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Some Military Personnel May Benefit from Online CBT for Insomnia

Cognitive Behavioral Therapy CBT

The American College of Physicians, as well as a few other organizations, recommend cognitive behavioral therapy (CBT) with regular visits to a clinician as treatment for chronic insomnia.  Interestingly, it was noted that online-based CBT for military personnel is an effective alternative treatment method instead of weekly visits to a therapist’s office.  However, online-based CBT is only about half as effective as the traditional treatment, according to the study by Dr. Daniel Taylor from the University of North Texas.  Dr. Taylor is a professor of psychology and director of the Sleep Health Research Laboratory at UNT.

The U.S. Department of Defense funded this new research, which was affiliated with a network of national experts from the STRONG STAR Consortium, who were looking for more ways to treat behavioral problems that have been compounded in post-9/11 military members and veterans. These findings were published in the journal of the Sleep Research Society, SLEEP.

As defined by the Diagnostic and Statistical Manual of Mental Disorders, chronic insomnia is characterized by inadequate or poor sleep at least three nights a week for one month or more, despite having plenty of opportunities to get a full night’s sleep.  This is a widespread problem for military personnel and veterans.  Those in the military develop insomnia usually because of the constant changes in schedules and deployments, in addition to receiving training that teaches them how to stay alert.

Long-term insomnia is a risk factor for depression, substance abuse, occupational accidents, absenteeism, and post-traumatic stress disorder (PTSD).  The hope is that treatment will not only treat the insomnia, but reduce the risk of these other conditions as well.

Approximately 10% of deployed soldiers are prescribed a sleep medicine, which have only shown to be effective for insomnia in the general population.  Side effects for these medications, such as slowed cognitive processing, slowed reaction, and grogginess, can be highly dangerous for deployed military personnel.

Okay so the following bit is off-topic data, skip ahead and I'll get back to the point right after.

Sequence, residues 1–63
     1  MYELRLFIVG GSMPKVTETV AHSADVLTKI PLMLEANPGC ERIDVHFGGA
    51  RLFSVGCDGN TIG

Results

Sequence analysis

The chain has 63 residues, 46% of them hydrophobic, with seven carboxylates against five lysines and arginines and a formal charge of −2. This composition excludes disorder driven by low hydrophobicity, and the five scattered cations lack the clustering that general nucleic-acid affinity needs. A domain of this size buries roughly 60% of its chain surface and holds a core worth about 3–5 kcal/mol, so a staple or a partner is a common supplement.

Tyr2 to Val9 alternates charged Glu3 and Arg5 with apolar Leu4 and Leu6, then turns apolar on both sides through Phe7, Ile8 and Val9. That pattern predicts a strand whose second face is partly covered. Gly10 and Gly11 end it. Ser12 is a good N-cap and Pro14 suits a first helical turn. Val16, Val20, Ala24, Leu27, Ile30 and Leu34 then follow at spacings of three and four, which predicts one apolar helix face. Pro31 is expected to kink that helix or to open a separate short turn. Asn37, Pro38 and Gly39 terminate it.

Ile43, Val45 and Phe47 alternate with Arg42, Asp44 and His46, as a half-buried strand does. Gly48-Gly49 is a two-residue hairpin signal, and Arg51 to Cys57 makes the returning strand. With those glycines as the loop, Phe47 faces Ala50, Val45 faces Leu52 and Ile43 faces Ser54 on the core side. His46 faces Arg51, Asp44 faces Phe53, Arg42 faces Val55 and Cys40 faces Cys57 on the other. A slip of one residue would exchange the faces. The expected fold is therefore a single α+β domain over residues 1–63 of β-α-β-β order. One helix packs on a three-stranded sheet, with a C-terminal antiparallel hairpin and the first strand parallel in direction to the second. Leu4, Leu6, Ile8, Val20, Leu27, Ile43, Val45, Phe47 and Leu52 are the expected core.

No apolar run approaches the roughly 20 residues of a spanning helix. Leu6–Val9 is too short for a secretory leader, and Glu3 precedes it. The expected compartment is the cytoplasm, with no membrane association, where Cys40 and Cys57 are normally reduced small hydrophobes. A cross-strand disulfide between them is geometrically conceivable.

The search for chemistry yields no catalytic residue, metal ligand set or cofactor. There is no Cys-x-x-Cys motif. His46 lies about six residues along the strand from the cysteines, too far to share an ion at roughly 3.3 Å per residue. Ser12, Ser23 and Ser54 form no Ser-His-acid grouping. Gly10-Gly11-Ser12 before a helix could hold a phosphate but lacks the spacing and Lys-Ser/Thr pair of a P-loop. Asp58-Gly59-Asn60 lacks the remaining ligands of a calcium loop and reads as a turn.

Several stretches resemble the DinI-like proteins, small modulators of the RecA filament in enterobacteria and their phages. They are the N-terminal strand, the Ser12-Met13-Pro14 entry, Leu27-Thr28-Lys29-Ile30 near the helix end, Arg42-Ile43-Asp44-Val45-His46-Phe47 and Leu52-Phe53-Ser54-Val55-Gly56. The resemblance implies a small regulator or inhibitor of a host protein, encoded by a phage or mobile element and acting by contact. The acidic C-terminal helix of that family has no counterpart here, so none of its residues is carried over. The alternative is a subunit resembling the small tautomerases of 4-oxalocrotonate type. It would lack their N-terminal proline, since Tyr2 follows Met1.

For this research, Dr. Taylor recruited 100 soldiers with chronic insomnia who were stationed at Fort Hood.  All participants were asked to keep a sleep diary and wear activity monitors for six weeks, as well as undergo one week of sleep monitoring.

The participants were separated into three groups.  The first good met with Fort Hood clinicians once a week for six weeks to receive CBT.  The second group of soldiers received the same kind of CBT but through Internet therapy sessions rather than in-person.  The difference was that the Internet sessions included lessons presented as audio recordings, visual graphics, and animations.  The third group of participants received a phone call from the research team every other week throughout the six weeks, but no CBT was performed.

Those who received face-to-face CBT for insomnia had significant improvement in sleep quality, which was determined based on the analysis of their sleep diaries and activity monitors.  They had greater improvement than those who received online CBT; however, both groups showed significantly greater improvements in sleep quality than those who did not receive any CBT.

CBT, Dr. Taylor notes, is multifaceted and can be difficult to administer to patients without a therapist; therefore, it would be beneficial for behavioral health providers in the military to undergo additional training for this type of therapy.

Dr. Taylor and his team studied civilians with insomnia in a previous study.  Findings showed that CBT led to improvements in sleep quality and efficiency.  Participants in that study had a significant decrease in the use of sleep medication from 87.5% before CBT to 54% afterward.  However, it is noted that participants were not required to stop the medication.

The STRONG STAR investigator and clinical psychologist, Kristi Pruiksma, was one of the clinicians on this recent study.  She notes that the most prominent benefits of the online therapy sessions were easy access to treatment and schedule flexibility, both of which are incredibly helpful for military personnel who are juggling family, work, and deployment.

Additionally, online CBT can be done in the comfort of your own home, rather than through a military behavioral health clinic, which often comes with an unfortunate stigma.  Successful CBT treatment for insomnia has a positive impact on a person’s daily life.  The next step should be to determine who would get the most benefit from an online CBT program and who may need in-person treatment with a therapist.

 Reference: https://www.eurekalert.org/pub_releases/2017-06/uont-ocb061417.php

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Categories: Sleep News
Tags: cbtcognitive behavioral therapyinsomnia
Rachael Herman :Author: Rachael Herman is a professional writer with an extensive background in medical writing, research, and language development. Her hobbies include hiking in the Rockies, fishing, and reading.